The Hampstead and Manchester bypasses have "made the first cut" in a long-term plan for alleviating traffic problems in the Hanover Pike corridor, said Harvey S. Bloom, director of transportation planning for the Baltimore Metropolitan Council.
But Mr. Bloom, who presented preliminary findings of the Hanover Pike Task Force at a meeting last night in Manchester, )) said the bypasses may not ever be funded.
"At this time, I'm not prepared to say 'no' or 'yes' " on the bypasses, he said.
The task force has been studying traffic problems and development projections along Route 30 and Pennsylvania Route 94 for 1 1/2 years.
Mr. Bloom said the task force was "no longer doing wish-list planning," but is looking at affordable, environmentally sound solutions to traffic problems that can be achieved within 20 years.
He said the task force did not feel that large capital expenditures, such as the proposed extension of I-795 through Carroll County, were likely.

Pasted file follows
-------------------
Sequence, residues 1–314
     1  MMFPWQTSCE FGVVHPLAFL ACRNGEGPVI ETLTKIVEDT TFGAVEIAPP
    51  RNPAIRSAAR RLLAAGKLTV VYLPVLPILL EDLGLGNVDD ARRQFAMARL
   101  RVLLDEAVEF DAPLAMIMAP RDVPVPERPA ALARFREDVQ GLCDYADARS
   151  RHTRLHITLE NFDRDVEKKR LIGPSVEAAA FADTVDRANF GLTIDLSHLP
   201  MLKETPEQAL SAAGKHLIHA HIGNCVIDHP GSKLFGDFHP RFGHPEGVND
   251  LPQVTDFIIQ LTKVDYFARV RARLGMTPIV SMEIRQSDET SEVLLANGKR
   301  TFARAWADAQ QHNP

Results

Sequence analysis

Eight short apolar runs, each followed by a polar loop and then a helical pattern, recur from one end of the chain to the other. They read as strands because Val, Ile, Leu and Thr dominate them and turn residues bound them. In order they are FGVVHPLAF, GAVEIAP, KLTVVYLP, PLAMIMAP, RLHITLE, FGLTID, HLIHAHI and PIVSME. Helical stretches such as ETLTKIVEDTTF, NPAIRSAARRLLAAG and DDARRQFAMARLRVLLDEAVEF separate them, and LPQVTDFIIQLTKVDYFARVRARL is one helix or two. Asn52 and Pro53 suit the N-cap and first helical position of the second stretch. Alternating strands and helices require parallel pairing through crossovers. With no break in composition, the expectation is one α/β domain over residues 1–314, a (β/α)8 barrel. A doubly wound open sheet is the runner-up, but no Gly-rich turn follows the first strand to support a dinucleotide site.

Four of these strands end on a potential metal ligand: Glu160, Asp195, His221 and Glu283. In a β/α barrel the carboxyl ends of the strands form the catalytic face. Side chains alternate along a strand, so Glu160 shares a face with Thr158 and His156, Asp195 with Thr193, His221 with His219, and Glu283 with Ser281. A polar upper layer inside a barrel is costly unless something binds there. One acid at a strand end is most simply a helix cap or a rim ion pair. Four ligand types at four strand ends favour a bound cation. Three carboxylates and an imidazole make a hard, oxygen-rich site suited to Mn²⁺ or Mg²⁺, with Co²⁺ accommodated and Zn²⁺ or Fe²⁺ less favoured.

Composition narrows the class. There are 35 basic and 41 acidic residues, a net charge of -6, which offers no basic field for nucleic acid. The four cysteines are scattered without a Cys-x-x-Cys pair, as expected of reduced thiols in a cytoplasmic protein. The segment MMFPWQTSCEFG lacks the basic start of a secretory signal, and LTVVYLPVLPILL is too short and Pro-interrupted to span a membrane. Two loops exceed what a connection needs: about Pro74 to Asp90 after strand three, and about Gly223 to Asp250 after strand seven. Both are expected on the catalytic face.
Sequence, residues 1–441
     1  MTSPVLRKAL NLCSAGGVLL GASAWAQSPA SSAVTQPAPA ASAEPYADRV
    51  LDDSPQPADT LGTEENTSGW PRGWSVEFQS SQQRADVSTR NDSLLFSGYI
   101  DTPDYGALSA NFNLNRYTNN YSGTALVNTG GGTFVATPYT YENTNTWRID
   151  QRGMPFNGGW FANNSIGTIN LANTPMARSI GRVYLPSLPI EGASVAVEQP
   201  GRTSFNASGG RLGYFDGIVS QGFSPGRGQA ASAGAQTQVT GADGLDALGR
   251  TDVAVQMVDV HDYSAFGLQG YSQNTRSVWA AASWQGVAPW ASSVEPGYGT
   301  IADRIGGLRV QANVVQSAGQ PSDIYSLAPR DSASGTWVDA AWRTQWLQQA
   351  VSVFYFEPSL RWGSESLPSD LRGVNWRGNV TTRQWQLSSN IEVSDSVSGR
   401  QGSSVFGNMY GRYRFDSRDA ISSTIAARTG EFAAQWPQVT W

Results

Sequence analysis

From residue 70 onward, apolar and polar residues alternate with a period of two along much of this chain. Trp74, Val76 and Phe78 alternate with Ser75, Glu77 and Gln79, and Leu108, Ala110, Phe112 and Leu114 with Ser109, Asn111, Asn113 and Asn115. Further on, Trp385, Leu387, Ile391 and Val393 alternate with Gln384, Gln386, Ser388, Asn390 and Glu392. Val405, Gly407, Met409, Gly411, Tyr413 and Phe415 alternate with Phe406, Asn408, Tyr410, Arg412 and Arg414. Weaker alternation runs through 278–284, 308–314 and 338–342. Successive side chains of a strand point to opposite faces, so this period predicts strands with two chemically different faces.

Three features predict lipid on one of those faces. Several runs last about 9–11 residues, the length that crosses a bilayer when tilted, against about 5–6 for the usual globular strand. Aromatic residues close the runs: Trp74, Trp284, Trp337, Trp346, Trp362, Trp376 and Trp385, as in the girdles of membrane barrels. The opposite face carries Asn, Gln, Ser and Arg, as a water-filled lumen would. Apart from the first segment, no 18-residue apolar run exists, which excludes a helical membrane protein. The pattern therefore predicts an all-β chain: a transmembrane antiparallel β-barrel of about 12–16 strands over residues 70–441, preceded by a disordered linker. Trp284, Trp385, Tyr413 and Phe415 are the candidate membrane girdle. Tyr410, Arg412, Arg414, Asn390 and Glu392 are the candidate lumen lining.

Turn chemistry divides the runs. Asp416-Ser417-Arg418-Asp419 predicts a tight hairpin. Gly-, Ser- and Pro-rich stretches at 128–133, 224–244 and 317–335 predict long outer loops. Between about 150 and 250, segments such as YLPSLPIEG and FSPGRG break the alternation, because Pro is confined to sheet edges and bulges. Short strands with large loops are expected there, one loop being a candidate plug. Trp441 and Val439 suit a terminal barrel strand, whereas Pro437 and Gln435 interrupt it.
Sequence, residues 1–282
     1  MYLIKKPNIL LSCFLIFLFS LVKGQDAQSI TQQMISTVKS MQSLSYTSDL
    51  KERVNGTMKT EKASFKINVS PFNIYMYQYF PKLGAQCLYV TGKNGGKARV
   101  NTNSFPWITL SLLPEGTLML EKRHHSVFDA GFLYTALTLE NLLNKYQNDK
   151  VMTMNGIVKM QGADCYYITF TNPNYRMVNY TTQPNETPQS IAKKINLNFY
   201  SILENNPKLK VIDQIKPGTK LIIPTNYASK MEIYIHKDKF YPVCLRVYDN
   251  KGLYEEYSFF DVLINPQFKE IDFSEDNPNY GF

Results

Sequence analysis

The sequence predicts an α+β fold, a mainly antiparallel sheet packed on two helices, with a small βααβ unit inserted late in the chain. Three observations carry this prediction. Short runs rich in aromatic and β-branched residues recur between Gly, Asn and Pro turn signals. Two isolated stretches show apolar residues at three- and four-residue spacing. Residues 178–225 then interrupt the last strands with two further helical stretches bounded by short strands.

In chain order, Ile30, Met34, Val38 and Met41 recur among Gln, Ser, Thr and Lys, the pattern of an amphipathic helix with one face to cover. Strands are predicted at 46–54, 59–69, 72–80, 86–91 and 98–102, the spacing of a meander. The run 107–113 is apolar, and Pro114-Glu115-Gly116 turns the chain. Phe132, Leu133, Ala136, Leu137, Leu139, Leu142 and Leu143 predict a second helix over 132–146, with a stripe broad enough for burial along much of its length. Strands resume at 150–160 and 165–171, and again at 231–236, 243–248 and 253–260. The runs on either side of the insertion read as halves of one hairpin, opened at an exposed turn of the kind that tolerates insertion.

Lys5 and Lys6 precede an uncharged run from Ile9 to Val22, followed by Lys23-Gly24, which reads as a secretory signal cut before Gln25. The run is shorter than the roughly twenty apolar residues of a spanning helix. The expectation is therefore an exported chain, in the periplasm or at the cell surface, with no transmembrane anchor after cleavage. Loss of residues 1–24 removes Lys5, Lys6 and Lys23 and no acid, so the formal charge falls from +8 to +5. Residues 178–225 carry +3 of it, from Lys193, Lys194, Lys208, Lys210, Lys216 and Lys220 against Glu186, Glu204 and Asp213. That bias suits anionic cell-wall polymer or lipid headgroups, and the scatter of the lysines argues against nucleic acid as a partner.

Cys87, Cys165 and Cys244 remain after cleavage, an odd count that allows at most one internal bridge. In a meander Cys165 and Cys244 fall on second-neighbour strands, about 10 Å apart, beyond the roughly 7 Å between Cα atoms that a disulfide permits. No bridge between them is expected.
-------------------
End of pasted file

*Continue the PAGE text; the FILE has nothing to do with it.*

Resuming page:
The task force recommended that communities along Hanover Pike should form another task force to examine local short-term strategies such as park-and-ride lots and employer-sponsored car pooling programs to solve traffic problems.
Mr. Bloom said the corridor is environmentally sensitive because Route 30 straddles the boundary between the Liberty, Pretty Boy and Loch Raven drainage areas, and because the Baltimore area is among the top 10 worst air-quality areas in the country.
Air-quality and highway-project laws require local governments to develop long-term transportation plans, he said.
To no one's surprise, the task force found that the main bottlenecks and high-accident zones on Hanover Pike occur in Hampstead, Manchester, and Hanover.
According to data presented by Jack Anderson, a Baltimore Metropolitan Council program consultant, the population in the Carroll section of the corridor will grow from 16,314 in 1980 to 30,210 by the year 2010.
Traffic volumes along some parts of Route 30 have doubled between 1980 and 1992.